09/04/2003 11:00PM

Event that's as odd as it is old

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DEL MAR, Calif. - For starters, one thing should be kept absolutely clear. The match race was invented by horse owners willing to subject their animals to an otherwise unnatural competitive experience in order to satisfy their own starving self esteem.

But that's nitpicking.

Match races found their place in history when British racing was a hodgepodge of country meets, gypsy trainers, and landed gentry who turned to horses when they got tired of blowing pheasants out of the sky. If the Duke of Northcumberlandshire couldn't box, couldn't dance, and had given up on his backward, inbred sons, he always had his beloved horses to carry the family name.

"My horse can beat your horse" became the cry, which is to say, "I'm a better man than you, and my horse will prove it."

For the most part, early American racing was no different. They were, after all, colonial English. But as revolution brewed, circa 1774, emotions spilled onto the racecourse. In "The History of Thoroughbred Racing in America," author William H.P. Robertson recounts a match race that captured the public's fancy with its clash of political sentiments, pitting the American horse True Briton against the recently imported Old England. The terms were four-mile heats, best of three, for a purse of 100 English pounds.

"True Briton finished so far ahead of Old England in the first heat that the latter was pronounced 'distanced,' " Robertson wrote, "and there was no necessity for further heats."

Later on, match racing in America boiled down to North-South beefs, sort of a starter kit for the Civil War. The greatest of these was one of the first, in 1823, when American Eclipse of New York lost the opening four-mile heat to the Virginia-owned Henry. Flayed and bleeding from the lash of his jockey's whip, American Eclipse went on to win the second and third heats, much to the delight of the hometown thousands who had crowded the Union Course on Long Island.

One hundred years later, nationalism mixed again with horse racing in a match between Kentucky Derby winner Zev and the Epsom Derby winner, Papyrus. Zev broke out in hives two weeks before the first race and Papyrus complained of a sore ankle. Still, they both showed up at Belmont Park on the appointed day, on a muddy, slippery track, for a total purse of $100,000. Zev won by five.

Racing has evolved. International and regional matches have been replaced by odd cominglings. Human sprinters and cyclists have been pitted against four-legged punching bags. Quarter Horses have been matched against their long-winded Thoroughbred cousins. Then, at some strange point in the road, it became a cool idea among promoters to match jockeys, as if a man or a woman could ride faster than a horse was prepared to run.

Sunday at Del Mar, the "Battle of the Sexes" will match Pat Valenzuela, leading rider at the meet, against Julie Krone, who is number two in the standings. Apparently, it is better to promote a cynical antagonism between men and women rather than an old-fashioned focus on No. 1 vs. No. 2. But then, "The Man Show" would not be interested in the results. Welcome to the 21st century, where cultural retro reigns.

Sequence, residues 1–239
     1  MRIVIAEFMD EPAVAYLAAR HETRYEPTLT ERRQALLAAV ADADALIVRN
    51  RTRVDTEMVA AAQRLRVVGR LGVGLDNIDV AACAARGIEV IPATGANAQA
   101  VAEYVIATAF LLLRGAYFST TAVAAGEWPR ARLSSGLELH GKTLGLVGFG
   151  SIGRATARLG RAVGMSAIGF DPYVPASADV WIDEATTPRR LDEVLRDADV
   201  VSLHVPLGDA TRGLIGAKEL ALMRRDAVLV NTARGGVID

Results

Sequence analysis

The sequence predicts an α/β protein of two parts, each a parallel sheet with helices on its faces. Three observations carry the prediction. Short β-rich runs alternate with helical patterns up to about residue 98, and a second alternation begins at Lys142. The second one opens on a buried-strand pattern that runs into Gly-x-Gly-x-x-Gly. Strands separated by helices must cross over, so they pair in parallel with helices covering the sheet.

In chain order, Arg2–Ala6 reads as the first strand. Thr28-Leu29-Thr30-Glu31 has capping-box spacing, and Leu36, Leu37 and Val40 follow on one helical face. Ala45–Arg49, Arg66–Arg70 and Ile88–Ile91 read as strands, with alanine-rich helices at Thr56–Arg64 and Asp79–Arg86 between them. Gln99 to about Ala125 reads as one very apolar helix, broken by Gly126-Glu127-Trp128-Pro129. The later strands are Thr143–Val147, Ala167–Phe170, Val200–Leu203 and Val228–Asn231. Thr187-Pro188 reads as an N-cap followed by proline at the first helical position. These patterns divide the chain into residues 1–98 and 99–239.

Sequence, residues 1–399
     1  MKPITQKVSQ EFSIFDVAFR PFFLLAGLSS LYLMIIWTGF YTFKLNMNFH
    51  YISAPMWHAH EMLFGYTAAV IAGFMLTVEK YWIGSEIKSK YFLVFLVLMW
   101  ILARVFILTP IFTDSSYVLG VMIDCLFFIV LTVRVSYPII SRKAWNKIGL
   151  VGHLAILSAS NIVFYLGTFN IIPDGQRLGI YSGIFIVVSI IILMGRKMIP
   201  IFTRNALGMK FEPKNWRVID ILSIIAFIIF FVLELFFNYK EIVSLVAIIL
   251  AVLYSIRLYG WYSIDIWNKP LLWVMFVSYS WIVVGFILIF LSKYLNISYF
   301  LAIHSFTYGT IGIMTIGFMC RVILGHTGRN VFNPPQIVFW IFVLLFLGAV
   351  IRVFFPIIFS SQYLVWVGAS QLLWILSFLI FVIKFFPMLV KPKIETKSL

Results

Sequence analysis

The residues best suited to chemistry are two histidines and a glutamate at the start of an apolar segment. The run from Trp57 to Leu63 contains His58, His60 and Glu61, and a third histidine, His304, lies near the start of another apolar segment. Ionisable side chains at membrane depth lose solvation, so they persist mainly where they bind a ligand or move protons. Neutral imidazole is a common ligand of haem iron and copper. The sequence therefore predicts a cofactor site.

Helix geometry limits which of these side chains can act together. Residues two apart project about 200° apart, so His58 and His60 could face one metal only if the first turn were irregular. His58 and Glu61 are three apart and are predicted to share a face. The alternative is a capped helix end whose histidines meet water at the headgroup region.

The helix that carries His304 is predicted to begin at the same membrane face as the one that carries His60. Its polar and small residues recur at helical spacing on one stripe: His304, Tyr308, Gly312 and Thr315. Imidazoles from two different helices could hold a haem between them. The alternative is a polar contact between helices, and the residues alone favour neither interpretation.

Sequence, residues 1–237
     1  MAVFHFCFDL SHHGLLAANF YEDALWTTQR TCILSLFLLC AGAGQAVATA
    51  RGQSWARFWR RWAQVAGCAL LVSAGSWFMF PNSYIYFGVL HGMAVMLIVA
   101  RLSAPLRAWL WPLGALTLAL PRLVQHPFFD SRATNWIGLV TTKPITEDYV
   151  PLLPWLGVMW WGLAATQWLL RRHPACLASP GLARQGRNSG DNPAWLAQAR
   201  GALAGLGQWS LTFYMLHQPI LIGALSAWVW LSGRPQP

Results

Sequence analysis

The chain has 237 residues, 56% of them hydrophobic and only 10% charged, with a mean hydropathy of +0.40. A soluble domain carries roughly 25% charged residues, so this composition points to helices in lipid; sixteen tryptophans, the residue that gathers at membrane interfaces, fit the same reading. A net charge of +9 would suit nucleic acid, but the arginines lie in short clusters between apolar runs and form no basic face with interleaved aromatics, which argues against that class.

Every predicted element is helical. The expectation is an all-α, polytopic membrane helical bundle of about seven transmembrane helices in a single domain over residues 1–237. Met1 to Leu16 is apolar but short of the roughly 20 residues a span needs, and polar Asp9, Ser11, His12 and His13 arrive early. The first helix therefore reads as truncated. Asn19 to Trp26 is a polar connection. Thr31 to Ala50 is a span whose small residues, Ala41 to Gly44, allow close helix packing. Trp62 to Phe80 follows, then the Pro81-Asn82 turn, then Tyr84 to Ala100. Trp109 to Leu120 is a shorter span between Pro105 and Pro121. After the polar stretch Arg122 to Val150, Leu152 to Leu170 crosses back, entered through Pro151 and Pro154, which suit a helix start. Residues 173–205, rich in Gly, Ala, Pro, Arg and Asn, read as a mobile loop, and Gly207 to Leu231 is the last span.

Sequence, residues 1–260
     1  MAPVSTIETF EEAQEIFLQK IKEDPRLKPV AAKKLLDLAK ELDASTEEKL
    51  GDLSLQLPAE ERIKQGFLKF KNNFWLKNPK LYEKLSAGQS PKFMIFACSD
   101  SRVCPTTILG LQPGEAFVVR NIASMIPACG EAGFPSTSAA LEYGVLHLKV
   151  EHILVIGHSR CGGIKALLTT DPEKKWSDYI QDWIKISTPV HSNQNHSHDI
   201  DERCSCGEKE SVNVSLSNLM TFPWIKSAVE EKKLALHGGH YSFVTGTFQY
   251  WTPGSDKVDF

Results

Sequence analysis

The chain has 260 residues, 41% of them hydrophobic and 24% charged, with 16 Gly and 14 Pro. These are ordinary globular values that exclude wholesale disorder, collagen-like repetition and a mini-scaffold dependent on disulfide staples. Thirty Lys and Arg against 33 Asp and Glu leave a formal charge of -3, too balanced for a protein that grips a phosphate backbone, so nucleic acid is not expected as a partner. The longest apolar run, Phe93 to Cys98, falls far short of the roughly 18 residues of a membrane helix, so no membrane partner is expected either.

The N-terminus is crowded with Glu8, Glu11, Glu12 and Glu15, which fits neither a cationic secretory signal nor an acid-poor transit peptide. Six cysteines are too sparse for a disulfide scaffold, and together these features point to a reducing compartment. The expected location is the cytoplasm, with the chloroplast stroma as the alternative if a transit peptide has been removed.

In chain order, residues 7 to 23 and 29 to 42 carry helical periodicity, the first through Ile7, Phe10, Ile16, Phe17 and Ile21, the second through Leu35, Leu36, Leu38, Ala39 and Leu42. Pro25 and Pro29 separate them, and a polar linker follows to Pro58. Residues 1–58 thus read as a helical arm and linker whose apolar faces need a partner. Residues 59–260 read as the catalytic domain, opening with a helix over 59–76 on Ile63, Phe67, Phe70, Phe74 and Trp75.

In fact, Del Mar fans have been watching these two riders go at each other all meeting long. The match race does nothing more than package the obvious - that Valenzuela and Krone have found themselves on the right horse at the right time more often than the rest of their equally hard-working colleagues in the Del Mar room. Through the racing of Thursday, the 38th day of the 43-day meet, Valenzuela and Krone have finished one-two no less than 12 times, and you can guess the tally. It's 6-6.

Krone's match race experience includes an exhibition against Bill Shoemaker at Canterbury Downs, during the summer of 1988. Shoe was on the last legs of his career, about to make a farewell tour of the nation's tracks, while Krone was in transition from winning titles in New Jersey to taking on New York.

"She was in front all the way, and she took it pretty serious," Shoe recalled Thursday afternoon from his home near Santa Anita. "When I came to her in the stretch she went to bumping me and pushing me out. I should have claimed foul on her, but I didn't. I guess it wouldn't have looked very good."

The artistic success of Sunday's match will hinge not on the relative abilities of Valenzuela and Krone, but on the speed of their unsuspecting mounts, Chester's Choice and Woke Up Dreamin. Shoemaker knows how sour a match race can turn if the horses are not on a level field, no matter who is at the controls. In August of 1955 at Washington Park, with the whole racing world watching, Shoe and Swaps were thoroughly stuffed by Eddie Arcaro and Nashua. The reason became apparent after the fact. Although Swaps had the natural speed a rider needs to take the initiative in a two-horse race, that day he was ailing from a bad foot. Shoemaker never saw the front.

"Just tell Julie to put her horse on the lead," Shoe said. "If she does the same thing to Pat that she did to me, she'll be fine."